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Church of St. Mary, South Tidworth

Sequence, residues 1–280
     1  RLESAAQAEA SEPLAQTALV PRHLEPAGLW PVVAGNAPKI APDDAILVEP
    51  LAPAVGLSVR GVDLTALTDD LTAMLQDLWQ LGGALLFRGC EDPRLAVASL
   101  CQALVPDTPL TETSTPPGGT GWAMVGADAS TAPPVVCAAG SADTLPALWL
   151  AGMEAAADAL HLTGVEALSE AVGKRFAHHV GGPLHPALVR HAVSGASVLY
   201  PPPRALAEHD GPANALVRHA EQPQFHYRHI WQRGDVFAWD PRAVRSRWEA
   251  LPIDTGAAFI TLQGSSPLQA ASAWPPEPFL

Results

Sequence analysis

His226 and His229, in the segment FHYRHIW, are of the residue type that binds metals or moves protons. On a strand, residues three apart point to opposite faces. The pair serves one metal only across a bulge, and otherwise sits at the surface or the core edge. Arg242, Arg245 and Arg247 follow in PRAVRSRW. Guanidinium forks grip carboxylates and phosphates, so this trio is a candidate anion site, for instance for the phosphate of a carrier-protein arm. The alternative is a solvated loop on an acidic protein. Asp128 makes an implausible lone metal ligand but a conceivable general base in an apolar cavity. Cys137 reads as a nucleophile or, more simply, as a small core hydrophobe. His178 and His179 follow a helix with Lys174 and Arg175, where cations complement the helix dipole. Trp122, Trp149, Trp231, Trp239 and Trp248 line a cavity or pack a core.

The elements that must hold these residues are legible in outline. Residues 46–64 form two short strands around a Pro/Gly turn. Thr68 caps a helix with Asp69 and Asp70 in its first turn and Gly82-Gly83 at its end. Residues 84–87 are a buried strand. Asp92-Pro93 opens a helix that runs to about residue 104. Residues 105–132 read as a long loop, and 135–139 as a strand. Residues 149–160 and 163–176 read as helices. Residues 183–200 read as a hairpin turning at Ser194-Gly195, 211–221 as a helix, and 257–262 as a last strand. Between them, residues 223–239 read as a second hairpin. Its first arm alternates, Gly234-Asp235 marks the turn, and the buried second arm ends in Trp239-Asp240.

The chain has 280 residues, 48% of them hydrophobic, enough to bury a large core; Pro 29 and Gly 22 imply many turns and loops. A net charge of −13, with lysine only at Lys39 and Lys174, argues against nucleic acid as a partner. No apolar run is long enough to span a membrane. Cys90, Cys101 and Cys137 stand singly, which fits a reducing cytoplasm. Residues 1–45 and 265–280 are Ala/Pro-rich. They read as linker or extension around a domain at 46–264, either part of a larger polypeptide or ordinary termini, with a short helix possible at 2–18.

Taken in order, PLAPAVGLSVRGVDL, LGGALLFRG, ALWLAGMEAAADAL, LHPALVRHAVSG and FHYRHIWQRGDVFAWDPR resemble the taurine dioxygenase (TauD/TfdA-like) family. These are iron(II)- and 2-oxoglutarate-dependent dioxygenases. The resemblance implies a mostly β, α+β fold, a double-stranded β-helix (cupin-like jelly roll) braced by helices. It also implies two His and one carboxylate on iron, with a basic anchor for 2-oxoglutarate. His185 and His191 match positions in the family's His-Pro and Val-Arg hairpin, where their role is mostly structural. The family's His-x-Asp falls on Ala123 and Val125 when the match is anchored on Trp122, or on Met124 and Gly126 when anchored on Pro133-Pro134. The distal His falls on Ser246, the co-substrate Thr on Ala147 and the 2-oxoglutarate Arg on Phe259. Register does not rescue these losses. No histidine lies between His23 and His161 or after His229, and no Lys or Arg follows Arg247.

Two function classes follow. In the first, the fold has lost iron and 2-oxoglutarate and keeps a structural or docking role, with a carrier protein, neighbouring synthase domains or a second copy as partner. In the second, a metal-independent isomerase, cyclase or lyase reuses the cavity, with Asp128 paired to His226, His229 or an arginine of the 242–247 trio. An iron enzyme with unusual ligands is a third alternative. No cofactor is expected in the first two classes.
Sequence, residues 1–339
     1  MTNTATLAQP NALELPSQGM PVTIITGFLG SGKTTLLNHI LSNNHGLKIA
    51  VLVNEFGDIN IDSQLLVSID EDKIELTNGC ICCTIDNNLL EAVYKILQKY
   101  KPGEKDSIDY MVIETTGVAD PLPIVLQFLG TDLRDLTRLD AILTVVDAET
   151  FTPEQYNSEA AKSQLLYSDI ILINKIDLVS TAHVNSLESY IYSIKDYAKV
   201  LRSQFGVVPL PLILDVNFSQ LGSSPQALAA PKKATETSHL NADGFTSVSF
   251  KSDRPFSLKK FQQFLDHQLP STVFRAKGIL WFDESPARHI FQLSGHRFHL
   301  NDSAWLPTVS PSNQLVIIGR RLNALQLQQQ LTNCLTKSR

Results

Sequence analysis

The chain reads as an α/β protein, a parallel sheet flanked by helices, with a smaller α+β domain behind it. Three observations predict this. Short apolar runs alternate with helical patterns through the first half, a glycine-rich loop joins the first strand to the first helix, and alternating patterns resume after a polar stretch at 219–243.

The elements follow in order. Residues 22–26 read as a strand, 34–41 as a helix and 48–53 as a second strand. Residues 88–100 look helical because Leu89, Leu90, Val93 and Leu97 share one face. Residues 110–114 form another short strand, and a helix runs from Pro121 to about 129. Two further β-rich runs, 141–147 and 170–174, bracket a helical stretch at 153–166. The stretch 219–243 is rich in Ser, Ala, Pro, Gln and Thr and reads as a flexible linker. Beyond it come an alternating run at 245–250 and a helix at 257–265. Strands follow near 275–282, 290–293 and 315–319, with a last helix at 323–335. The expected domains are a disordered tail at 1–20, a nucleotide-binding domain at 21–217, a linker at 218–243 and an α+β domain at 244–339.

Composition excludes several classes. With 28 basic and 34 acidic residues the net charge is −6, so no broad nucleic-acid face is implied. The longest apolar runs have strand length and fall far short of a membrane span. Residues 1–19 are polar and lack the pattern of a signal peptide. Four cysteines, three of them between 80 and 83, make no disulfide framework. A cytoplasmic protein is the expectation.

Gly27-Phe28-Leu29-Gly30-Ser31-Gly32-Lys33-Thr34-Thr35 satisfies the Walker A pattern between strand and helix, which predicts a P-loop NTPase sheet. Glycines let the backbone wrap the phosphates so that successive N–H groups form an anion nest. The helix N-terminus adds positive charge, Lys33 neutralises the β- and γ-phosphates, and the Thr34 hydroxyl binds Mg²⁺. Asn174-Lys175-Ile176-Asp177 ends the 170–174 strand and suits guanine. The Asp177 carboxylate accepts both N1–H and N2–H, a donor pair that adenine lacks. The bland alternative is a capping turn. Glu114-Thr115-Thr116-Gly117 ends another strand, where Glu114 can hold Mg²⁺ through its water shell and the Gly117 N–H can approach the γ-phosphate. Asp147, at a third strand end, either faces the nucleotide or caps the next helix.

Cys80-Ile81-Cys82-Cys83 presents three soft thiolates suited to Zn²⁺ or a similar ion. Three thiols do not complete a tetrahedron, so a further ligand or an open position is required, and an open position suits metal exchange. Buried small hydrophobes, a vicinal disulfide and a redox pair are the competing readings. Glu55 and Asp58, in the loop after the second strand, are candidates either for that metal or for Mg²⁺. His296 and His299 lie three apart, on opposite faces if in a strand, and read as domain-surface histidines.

|A late 19th century church of very unususal design. It was commissioned by Sir John Kelk, a building engineer who had bought Tedworth House in 1876 and perhaps wished to make amends for his predecessor's treatment of the original St. Mary's church. The architect was John Johnson, who unfortunately died in the year work started (1878) and the building was supervised by G.H. Gordon.It was built near the site of the original village church. The foundation stone was laid on 29th April 1879 and the building completed in 1880. The style is Gothic and the material is a rock faced brown stone. Externally the most striking feature is the bell turret, which emerges as a high, projecting buttress on the west wall and turns into a narrow tapering spire. The church is tall and there is a large amount of room inside with a nave and aisles, a chancel, and a south transept balanced by a north vestry. It is a classic 13th century design and there is a very similar church of that period in North Yorkshire. The roof of the nave is supported by polished grey veined marble columns and the building has been awarded Grade I listed status. When the ecclesiastical parishes of North and South Tidworth were united in 1972 North Tidworth church became the parish church and St. Mary's became redundant on 1st September. It passed to the Redundant Churches Fund in 1973. The church provides a dramatic entrance, standing by the roadside as you enter the village from Shipton Bellinger.|